It may look like another unpronounceable product name from the Far East but Xiaomi (Shiao-Me) are something different. The Chinese manufacturer could be soon challenging Apple and Samsung for dominance of the Asian smartphone market.
Established in 2010, Xiaomi has already seen its valuation skyrocket to over $10 billion, putting it on a par with established manufacturer Lenovo, and more than twice BlackBerry’s current market valuation of $4 billion. The Chinese version of the Xiaomi website is now the nation’s third-largest e-commerce site and the company has announced expansion into 10 new markets.
After a couple of years establishing the brand in China, the Beijing-based company emerged out of nowhere in 2013 to wobble the supremacy of Samsung. Xiaomi’s Mi 2S became the most popular phone sold in China in 2013.
Value is a key strategy for Xiaomi with its smartphones constantly undercutting the big manufactures on price. Its newer Mi3 smartphone sells for 1,999 yuan, which is less than half the price of Apple’s iPhone 5c and flagship Samsung models. Xiaomi designs its phones with high-end specs and sells them at midrange prices. Although the phones are not in the same league as the iPhone or the Galaxy in terms of quality, price in the Chinese market is paramount, which has seen the young upstart manufacturer rise to the top of the pile.
After consolidating the Chinese market, Xiaomi is preparing to take on the world- a few steps at a time. Marketing has been focused on creating a more globally appealing brand. The difficult to pronounce Xiaomi name has been simplified to Mi and its Chinese centred website has been updated with an English language site- mi.com. Xiaomi launched in Singapore, its first non-Chinese market, in February and now plans to move into another 10 markets including: Malaysia, Indonesia, Thailand, India Vietnam, and the Philippines. They will also look into markets outside of Asia with Brazil, Russia, Turkey and Mexico expected to be the first to sample the Mi 3 phones.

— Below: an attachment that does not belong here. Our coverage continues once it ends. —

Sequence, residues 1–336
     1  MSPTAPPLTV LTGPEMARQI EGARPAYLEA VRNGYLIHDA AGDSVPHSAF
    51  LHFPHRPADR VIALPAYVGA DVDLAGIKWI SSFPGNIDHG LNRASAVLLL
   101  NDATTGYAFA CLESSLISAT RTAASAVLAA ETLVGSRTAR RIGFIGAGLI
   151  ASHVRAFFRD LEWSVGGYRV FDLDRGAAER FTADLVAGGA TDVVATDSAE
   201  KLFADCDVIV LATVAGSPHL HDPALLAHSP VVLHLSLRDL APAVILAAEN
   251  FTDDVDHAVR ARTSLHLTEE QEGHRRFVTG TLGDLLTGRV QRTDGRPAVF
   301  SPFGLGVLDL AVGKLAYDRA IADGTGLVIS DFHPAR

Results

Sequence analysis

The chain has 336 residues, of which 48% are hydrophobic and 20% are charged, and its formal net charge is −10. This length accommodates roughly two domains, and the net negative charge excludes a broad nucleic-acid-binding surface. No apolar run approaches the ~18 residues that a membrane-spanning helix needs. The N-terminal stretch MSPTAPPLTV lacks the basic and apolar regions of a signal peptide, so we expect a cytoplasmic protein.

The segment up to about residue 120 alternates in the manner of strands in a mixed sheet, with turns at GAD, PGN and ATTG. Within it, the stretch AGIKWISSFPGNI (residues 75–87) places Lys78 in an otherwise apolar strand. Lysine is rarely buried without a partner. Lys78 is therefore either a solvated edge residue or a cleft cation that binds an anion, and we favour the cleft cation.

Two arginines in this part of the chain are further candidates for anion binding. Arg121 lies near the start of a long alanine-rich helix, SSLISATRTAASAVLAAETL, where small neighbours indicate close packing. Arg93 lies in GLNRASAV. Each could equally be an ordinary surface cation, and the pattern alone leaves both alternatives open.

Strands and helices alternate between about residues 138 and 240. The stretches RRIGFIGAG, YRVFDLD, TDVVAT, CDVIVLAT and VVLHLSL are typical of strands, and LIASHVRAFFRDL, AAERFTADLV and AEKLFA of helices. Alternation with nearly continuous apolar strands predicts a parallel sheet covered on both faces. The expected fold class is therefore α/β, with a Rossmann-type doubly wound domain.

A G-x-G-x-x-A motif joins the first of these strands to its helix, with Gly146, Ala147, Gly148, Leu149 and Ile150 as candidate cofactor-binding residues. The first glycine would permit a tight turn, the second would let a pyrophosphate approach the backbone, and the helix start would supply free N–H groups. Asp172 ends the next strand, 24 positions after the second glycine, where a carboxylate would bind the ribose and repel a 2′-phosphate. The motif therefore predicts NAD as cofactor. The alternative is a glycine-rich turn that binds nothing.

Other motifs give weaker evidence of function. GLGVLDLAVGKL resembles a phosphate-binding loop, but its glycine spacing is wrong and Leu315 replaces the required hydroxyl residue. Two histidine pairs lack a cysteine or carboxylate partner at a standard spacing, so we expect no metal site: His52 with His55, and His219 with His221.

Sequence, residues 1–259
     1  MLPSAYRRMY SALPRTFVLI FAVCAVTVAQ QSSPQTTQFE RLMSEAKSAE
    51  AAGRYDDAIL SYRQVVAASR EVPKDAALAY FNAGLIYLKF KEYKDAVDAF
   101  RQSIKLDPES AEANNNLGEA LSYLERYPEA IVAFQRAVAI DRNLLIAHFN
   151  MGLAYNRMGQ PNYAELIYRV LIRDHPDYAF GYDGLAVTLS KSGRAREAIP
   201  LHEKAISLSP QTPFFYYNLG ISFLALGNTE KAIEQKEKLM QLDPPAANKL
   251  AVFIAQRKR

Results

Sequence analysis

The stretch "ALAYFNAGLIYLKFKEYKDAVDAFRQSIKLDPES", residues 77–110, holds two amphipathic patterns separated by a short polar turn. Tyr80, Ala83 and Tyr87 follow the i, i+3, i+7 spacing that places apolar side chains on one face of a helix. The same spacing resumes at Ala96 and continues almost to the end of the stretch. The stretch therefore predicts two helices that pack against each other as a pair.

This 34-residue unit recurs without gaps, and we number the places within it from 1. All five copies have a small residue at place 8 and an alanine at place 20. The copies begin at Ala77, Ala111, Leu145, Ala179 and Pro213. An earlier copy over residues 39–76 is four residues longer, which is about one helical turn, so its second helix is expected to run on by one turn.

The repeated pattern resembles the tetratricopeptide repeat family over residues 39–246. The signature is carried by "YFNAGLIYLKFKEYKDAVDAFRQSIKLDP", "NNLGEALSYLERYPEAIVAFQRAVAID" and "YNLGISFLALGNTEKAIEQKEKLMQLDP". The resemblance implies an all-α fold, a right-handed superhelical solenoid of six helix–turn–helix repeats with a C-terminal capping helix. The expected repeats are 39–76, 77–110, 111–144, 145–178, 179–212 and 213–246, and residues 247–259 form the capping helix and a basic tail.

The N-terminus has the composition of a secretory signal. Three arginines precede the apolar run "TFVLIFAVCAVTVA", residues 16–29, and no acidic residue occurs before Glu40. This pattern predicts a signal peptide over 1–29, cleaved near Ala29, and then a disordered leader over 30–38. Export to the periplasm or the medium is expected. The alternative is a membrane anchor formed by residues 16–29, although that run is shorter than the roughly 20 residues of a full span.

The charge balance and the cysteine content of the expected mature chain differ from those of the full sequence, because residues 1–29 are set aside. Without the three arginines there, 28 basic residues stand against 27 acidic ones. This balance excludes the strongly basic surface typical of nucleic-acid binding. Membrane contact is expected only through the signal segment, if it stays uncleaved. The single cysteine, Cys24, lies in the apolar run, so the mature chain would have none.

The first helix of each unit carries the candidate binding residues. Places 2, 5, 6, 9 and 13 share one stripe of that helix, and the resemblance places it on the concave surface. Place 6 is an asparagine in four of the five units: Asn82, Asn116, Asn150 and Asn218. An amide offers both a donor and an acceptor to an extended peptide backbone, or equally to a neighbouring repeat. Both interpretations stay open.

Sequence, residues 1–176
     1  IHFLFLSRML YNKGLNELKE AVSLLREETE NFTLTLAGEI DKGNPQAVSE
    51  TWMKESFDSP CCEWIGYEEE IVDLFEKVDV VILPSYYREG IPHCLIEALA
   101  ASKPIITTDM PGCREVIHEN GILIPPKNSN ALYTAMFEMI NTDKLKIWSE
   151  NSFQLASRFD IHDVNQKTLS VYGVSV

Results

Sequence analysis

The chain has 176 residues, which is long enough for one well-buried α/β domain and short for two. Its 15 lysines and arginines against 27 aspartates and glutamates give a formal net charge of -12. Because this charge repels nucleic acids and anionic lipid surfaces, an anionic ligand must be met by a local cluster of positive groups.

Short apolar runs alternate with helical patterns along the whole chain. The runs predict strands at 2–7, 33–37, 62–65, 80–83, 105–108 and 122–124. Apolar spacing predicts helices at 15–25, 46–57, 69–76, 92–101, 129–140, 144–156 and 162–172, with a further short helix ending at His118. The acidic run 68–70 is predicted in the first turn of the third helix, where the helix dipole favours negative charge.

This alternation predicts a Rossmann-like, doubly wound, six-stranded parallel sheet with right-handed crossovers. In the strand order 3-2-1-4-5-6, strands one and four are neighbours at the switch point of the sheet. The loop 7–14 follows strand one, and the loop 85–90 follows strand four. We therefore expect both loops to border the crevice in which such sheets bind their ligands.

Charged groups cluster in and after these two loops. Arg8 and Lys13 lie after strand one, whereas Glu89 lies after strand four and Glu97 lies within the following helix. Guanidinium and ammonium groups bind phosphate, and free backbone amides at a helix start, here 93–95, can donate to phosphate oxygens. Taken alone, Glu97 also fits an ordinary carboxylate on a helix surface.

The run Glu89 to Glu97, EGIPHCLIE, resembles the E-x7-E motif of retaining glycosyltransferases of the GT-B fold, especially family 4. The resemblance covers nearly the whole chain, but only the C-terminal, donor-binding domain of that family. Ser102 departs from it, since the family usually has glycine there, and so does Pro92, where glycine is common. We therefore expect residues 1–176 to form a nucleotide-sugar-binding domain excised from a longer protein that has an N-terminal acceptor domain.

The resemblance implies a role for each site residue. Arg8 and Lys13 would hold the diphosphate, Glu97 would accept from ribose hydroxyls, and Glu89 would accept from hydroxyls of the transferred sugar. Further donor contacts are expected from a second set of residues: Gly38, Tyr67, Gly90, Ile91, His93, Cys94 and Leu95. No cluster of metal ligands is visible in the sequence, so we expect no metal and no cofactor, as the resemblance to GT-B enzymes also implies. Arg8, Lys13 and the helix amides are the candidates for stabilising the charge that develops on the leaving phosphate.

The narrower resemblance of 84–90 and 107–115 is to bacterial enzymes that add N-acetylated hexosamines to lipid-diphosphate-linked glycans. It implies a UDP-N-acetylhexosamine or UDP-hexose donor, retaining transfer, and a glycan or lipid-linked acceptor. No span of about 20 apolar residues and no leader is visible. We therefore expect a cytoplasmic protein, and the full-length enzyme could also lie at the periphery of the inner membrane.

The rise of Xiaomi in China has been meteoric, but the next step into an international market required real managerial nouse. Xiaomi’s biggest accomplishment in this sense may have been luring Hugo Barra, former VP of Android, away from Google and into taking over at the company’s global seat. Barra’s personal issues with Google co-founder Sergey Brin at the time may have spurred the move, but even despite that Xiaomi must have seemed at least a prospect for Barra to upsticks and move from his comfortable seat in Silicon Valley to a relative unknown quantity in China .
The Apple of Asia
Xiaomi is sometimes referred to as the ‘Apple of China’, however, how true these comparisons really are could be debatable. They currently lack the innovative design, squeaky clean features and high end image Apple are synonymous with. Xiaomi are possibly just squatting in the spot Apple should be. Some have put Apples lack of success in China down to Xiaomi’s popularity, a hole in which the company have happily hopped into… even the CEO Lei Jun dresses a little like the late Steve Jobs. Their marketing strategy of hyping products up before release also bears a similar resemblance to the American tech giant.
The Western Market
This year’s step into the 10 developing markets will be a great barometer for Mi’s success in Europe (and America). Chinese companies often fail to crack western markets due to a bad image or poor marketing, a pitfall Xiaomi have to avoid if they want to be more than just an ‘Asian brand’.
They’ll also be sharing the low cost Chinese export marketplace with Lenovo who recently acquired Moto, one part of Google. Xiaomi now need to focus on their current markets to continue their great foundation work. Keep costs at their incredibly competitive level and continue rolling out popular handsets… then who knows we might have a challenger to the Apple/Samsung domination?